The elegant mansions of Cumberland Terrace face Regent's Park, one of the largest, and certainly one of the most pleasant, of London's parks. George IV owned the land, and his favorite architect John Nash drew up the plans. The terrace buildings surrounding much of the park were built over 160 years ago, but still seem stylish and elegant. And the whole shebang is still owned by the Crown. The little signs reading C.E.P.C. stand for Crown Estate Paving Commission, which does the maintenance. Our flat in Cumberland Terrace Mews, in the rear, was used for coachmen and the like! The beautiful Georgian buildings of Cumberland Terrace stand four stories tall, with beautiful Corinthian fluted columns and statues at the top, all in a delicate light peach color, with a neat short iron railing in front.  The heroic scale gives the building lasting elegance. Cumberland Terrace

The weather in London has turned gorgeous. Spring is here, with temperatures around sixty and flowers everywhere, and Londoners are out with their families. We took a Saturday afternoon walk through Regent's Park, which was filled, but not crowded, with people. Starting down Broad Walk, we passed the Zoo, started in 1828, when the original zoo-keeper, according to Michelin, wore "a top hat, bottle green coat and striped waistcoat". It is surely a perfect description of Dr. Doolittle!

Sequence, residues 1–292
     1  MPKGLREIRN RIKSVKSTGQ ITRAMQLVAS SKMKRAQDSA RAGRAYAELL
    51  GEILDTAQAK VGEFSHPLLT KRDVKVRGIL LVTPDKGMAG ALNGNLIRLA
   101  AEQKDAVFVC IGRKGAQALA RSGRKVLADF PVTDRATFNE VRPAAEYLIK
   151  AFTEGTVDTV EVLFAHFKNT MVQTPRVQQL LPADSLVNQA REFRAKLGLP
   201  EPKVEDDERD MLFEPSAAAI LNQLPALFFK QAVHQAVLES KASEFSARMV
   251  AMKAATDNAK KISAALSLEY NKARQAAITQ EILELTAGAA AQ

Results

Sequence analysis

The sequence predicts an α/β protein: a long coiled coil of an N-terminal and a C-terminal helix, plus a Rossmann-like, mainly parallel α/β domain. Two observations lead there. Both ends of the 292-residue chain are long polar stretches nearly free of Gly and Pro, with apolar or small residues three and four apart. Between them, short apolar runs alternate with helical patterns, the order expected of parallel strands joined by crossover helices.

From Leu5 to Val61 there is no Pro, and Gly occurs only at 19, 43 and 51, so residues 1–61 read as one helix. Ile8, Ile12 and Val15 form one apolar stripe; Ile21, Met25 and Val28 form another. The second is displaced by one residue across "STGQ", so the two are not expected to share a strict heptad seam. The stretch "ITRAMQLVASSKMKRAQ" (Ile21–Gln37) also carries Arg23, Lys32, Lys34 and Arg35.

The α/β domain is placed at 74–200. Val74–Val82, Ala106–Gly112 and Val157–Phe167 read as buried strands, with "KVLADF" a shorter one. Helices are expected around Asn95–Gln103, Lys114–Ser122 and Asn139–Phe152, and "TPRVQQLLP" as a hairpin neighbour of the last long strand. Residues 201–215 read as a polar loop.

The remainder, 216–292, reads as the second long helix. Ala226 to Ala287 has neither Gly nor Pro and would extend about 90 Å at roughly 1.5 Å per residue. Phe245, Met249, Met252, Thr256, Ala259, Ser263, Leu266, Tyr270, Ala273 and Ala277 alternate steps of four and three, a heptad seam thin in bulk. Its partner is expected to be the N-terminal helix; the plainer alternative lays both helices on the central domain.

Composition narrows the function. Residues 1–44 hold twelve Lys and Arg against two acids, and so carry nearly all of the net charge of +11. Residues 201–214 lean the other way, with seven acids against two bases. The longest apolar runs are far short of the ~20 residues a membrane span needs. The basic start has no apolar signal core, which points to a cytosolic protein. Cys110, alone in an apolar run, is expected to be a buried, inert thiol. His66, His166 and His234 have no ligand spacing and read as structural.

There are signs everywhere in London, often historical, frequently pleading with the citizenry to observe good habits (which they mostly do except when drunk). One sign talked about how the turf in the park gets worn out from sports, and what government was doing, etc. Despite the sign, we counted 14 soccer fields (oops, sorry, football fields) occupied with serious teams, often in some semblance of uniforms, many wearing nobbed shoes, all of them (it seemed to us) good, gradually chewing up the turf. There did seem to be some segregation: one game had all black players, another all Japanese. The fields ranged from those completely equipped with goals and nets to others simply marked off with white lines. Oddly, we didn't see any officials; evidently the players policed themselves. In between the games were little kids kicking the balls and mothers with carriages. The huge London Mosque is visible from the park, and we noticed a significant number of Islamic women, some head to toe in black, with only a slit for the eyes.